Regardless of the system type – pressure or vacuum, the general rule is to create a pressure difference between the both ends of the conveying line in order to create gas flow through the system (usually atmospheric air). The velocity of the gas flow is dependent on the pressure difference, as well as length and diameter of the conveying line. High velocity of the gas flow picks up product particles, transporting them throughout the conveying line. In case of hetergeneous product, a particle segregation can occur – lighter particles will be picked up easier than heavier ones.
With pressure conveying, materials are moved through a totally enclosed pipeline using pressurized air generated by a pressure differential blower, pushing the material to its destination. Pressure conveying is extremely efficient because material can be moved in larger quantities and at longer distances.
However you have to keep in mind that compressing air at the start point of the conveying line leads to temperature increase of the conveying medium (air) and therefore increase of the transported product’s temperature. Also additional components like rotary valves (‘aerolocks’), filters and cyclone-filters have to be used. In the event of pipeline failure (loss of airtightness), the conveyed product will be blown with high speed out of the line at the point of failure.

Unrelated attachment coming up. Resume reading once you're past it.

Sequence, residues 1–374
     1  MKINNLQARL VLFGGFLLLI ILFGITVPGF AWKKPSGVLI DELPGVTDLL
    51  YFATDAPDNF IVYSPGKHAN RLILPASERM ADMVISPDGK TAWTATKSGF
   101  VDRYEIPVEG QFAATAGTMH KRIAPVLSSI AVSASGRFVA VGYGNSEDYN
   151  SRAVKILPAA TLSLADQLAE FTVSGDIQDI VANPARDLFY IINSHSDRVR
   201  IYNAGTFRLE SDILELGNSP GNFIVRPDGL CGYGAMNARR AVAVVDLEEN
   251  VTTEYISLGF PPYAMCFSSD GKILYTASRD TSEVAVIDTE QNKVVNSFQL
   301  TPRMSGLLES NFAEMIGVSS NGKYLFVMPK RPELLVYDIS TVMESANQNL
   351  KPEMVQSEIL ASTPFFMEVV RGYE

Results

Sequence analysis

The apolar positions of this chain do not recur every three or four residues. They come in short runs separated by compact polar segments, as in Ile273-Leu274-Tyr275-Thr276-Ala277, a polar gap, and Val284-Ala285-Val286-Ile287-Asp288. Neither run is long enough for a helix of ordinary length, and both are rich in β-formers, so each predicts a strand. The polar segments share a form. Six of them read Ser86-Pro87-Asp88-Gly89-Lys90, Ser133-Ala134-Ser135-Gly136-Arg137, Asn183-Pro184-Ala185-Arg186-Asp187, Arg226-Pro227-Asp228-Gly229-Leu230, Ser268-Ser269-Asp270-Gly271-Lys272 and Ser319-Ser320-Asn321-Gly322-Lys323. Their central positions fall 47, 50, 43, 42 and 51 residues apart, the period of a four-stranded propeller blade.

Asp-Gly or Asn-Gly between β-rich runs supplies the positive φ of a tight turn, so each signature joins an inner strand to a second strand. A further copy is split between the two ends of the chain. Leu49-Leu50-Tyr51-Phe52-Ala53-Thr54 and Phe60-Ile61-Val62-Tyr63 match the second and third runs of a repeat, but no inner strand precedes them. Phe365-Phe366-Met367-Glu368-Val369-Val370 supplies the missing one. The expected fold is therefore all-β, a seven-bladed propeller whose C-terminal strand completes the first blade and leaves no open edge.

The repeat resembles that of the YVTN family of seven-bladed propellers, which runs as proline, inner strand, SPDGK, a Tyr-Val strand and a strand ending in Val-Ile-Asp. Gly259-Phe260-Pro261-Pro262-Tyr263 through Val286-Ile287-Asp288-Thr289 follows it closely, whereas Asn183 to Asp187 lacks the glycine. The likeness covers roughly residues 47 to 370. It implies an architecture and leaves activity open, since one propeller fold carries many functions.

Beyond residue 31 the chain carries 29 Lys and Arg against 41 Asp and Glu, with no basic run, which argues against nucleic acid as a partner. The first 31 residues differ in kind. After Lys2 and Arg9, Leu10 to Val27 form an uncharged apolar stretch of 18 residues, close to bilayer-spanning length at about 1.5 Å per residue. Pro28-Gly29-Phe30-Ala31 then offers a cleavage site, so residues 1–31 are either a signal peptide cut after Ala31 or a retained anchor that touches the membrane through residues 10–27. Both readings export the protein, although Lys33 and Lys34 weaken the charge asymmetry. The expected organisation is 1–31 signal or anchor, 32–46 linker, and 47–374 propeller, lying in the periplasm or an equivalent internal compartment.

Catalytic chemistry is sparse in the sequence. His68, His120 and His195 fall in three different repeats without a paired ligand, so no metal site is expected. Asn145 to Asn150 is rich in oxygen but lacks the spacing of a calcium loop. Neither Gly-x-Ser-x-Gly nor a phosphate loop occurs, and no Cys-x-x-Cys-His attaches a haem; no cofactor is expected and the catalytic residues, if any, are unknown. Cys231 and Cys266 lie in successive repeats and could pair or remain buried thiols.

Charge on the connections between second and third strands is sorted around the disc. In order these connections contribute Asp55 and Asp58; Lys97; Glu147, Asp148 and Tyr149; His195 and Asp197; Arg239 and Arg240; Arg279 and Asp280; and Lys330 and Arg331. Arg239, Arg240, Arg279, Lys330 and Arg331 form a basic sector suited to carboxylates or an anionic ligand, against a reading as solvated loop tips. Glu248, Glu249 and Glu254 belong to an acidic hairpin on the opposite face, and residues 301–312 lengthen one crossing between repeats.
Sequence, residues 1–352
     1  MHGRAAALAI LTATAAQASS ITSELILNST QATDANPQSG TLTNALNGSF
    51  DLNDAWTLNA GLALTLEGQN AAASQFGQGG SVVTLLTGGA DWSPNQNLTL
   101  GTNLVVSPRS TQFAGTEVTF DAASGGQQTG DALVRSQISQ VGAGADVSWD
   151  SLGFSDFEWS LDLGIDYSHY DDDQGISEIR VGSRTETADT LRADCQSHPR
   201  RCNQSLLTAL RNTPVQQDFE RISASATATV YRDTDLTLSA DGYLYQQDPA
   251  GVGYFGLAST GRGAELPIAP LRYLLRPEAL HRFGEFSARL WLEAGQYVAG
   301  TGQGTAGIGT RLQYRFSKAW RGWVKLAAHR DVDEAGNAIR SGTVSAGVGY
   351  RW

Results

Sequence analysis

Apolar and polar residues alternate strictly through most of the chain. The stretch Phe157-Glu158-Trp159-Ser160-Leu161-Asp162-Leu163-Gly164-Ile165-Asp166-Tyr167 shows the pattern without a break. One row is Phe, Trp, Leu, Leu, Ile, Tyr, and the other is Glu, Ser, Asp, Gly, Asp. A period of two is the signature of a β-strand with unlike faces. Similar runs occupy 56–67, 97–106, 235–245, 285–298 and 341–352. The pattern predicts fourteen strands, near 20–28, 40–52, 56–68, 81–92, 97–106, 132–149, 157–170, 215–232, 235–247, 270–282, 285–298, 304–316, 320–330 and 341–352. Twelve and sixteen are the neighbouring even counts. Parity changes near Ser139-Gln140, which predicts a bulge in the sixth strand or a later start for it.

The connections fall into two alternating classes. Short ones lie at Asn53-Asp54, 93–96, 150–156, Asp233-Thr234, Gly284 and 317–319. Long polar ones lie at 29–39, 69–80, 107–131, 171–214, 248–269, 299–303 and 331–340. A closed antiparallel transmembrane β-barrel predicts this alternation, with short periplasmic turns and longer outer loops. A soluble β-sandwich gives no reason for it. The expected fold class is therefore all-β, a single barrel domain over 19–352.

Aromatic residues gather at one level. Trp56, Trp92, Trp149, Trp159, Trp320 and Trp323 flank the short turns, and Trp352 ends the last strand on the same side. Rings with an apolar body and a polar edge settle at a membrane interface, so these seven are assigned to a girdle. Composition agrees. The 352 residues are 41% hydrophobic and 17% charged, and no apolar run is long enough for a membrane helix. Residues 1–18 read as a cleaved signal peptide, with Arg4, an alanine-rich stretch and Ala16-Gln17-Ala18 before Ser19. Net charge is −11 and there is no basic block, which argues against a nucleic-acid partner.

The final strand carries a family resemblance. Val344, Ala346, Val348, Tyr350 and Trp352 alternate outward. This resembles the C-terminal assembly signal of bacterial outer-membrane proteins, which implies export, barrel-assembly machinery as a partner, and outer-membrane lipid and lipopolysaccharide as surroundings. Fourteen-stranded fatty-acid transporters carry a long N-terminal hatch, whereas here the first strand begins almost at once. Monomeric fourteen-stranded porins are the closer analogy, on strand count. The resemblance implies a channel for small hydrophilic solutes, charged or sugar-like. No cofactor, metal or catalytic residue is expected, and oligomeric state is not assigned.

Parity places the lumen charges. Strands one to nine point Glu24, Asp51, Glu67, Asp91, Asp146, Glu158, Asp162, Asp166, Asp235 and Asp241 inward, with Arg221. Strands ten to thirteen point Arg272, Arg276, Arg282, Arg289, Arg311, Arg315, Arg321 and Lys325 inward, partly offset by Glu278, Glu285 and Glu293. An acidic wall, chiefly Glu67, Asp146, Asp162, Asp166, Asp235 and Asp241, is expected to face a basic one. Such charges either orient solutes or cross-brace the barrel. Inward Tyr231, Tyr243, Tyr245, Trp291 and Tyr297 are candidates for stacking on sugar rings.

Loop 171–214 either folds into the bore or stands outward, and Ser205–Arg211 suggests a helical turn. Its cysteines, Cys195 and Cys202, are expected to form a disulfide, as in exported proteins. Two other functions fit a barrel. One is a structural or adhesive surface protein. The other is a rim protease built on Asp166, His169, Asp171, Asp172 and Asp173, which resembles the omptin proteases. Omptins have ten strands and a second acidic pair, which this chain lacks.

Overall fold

One of the benefits of using the vacuum conveying method is that in the event of pipeline failure the product won’t be blown out of the line – it’s especially important in cases where product might present a threat to health and environment. Also it requires less components such as rotary valves as well as smaller filter sizes.
However the vacuum pump is usually more expensive and the required pipe diameter is higher – this in turn results in lower conveying velocity. It can be good in some applications, but also means that the vacuum system will transport less product and the conveying distance will be lower than in case of pressure system.Back to Coperion page